I watched people I know and love fall into debt with rents, mortgages, car payments. Chefs, food runners, bartenders — no matter the position, no one is exempt. The whole ecosystem of restaurants, bars, and hotels that is dependant on Nashville tourism was crumbling. I can only speak for myself, but tears were shed during these months as I talked with my mentors and friends in the industry. We had no choice but to look for hope on the horizon.

Three months after Gray & Dudley shuttered, I got the call that I will start work again on June 10 and the hotel will reopen in July. I was elated to hear we planned to reopen and work our hardest to safely welcome guests back. A dear friend and mentor, Cassidee Dabney (Blackberry Farm), invited my wife and me to visit her for a weekend in Maryville before I headed back to work. On June 8, while enjoying some time outdoors in eastern Tennessee, my wife got a call that our home was on fire. I’m pretty sure my exact words were, “that seems right.”

Because of the pandemic, all of our neighbors were home. The smoke was spotted before the fire grew. The smoke damage, however, was extensive — our home will have to be gutted. Strangely, it put a lot in perspective. We were all together, myself, my wife, and our two sweet pups, and that was all that mattered at that moment. The whole weight of the pandemic seemed to shift a little after the fire. I cannot say it helped, exactly, but maybe for me it was necessary.

I got back to work in July. The restaurant industry is always a beast, but this was an entirely new challenge. How do you meet the people where they are while maintaining a six-foot distance? How do you share you smile with a guest with a mask on? There were more questions than answers, but that is nothing new for our industry. It felt good to be back, putting out metaphorical fires instead of the real one we faced in June. Every hour we are open is an hour a teammate is working, and I felt an incredible sense of relief. I told myself that if we just kept working, it would all be over soon. Every day of July felt like a win.

For the remainder of the year, weekly and monthly check-ins with industry friends turned to daily calls, where we bounced questions and ideas off of each other. Will takeout be the answer to save this industry? Or outdoor dining? Do we give in and accept the criminally steep fees that delivery apps offer? The collective power of the industry was working to find answers.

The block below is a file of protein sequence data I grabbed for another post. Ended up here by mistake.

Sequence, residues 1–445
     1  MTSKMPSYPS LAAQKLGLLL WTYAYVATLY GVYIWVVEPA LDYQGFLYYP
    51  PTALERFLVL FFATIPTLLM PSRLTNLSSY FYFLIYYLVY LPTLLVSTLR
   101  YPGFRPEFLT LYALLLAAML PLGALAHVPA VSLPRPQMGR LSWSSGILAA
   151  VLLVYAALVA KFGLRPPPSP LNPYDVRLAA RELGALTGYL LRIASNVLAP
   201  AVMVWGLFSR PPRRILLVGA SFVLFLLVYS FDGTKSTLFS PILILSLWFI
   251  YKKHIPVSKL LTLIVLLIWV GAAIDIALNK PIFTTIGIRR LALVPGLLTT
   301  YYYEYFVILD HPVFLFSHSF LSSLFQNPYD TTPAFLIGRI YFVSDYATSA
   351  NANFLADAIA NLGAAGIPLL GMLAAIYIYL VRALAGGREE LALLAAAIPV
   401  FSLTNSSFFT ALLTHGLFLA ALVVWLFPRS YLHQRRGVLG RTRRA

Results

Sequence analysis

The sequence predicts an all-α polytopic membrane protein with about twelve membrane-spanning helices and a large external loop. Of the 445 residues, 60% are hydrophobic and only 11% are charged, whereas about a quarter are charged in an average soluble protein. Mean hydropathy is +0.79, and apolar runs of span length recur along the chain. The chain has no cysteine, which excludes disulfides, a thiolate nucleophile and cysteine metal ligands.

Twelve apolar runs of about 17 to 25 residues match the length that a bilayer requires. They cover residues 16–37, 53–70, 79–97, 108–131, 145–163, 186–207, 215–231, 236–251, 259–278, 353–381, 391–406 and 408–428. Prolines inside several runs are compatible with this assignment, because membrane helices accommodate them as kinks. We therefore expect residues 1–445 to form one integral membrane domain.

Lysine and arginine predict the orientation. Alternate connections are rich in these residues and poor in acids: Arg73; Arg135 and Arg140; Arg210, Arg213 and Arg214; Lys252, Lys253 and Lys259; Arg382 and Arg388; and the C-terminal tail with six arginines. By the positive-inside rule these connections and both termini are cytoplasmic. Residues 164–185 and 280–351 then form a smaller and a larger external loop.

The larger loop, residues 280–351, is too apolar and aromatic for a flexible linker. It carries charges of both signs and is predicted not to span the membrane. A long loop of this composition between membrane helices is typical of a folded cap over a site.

The ugly truths of the restaurant world are laid bare for all the country to see. Margins are too slim, work is too hard, and government support is never coming. Every time we thought we’d found a way to get through the current reality, something shifts, and new problems arise.

Even when the economy has been at its best, our industry’s relationship with drugs and alcohol has been a major problem. With no hope on the horizon, we watched our friends and colleagues lose the battle to their addiction. Relapse, suicide, and closures became daily conversations with each other. The constant pivot becomes a weight too heavy for us to bear.

As December began, I saw even more friends close their restaurants. It is a strange feeling of selfishness to be relieved to be working while you watch your people close their restaurants one by one. Talented and driven people are losing their dream and I am writing Christmas takeout menus. This business is often about overcoming obstacles to deliver to the guest, so I moved forward.

I truly looked forward to Christmas morning with my wife and pugs; I was ready for a day off. I woke up around 6:30 when the dogs jumped off the bed, I assumed to go outside and then shake me down for an early breakfast. I was feeding them around 7 a.m. when a friend texted my wife to ask if we were okay. We immediately guessed that there had been another natural disaster. I checked my phone and saw the first photos of the explosion. I was confronted with a clear picture of the parking lot I park in every day.

I began to panic and called our director of operations, and we tried to find out what was happening. She and I agreed that we needed to get someone down to the hotel to check on Tanner, our overnight front desk person. I called him several times as I drove toward Nissan Stadium and finally got a hold of him. He was with several guests at a gas station on Spring Street, across the river from downtown. From the gas station, we helped guests get rides and I offered them blankets I brought, and finally, it was just Tanner and me. I was relieved he was okay as I drove him to meet his father.

I couldn’t have predicted ending this year with a bombing on Christmas Day, less than a block from my place of work, but after the year we’ve had nothing would surprise me. I keep coming back to the words of one of my mentors, David Thomas: “The way you react to adversity can define you as a person and also set the tone for your entire career.”

As we begin a new year, I am setting the intention to find hope and keep ourselves focused on what truly matters: each other. If this year has taught us anything, it is that human connection and our ability to show each other love and hospitality is everything. It is what we miss most and what will lift us out of the darkness of this year.

*At the time of publishing, the 21c Hotel in Nashville, along with most of Second Avenue, is still an active crime scene, so the hotel remains closed until further notice.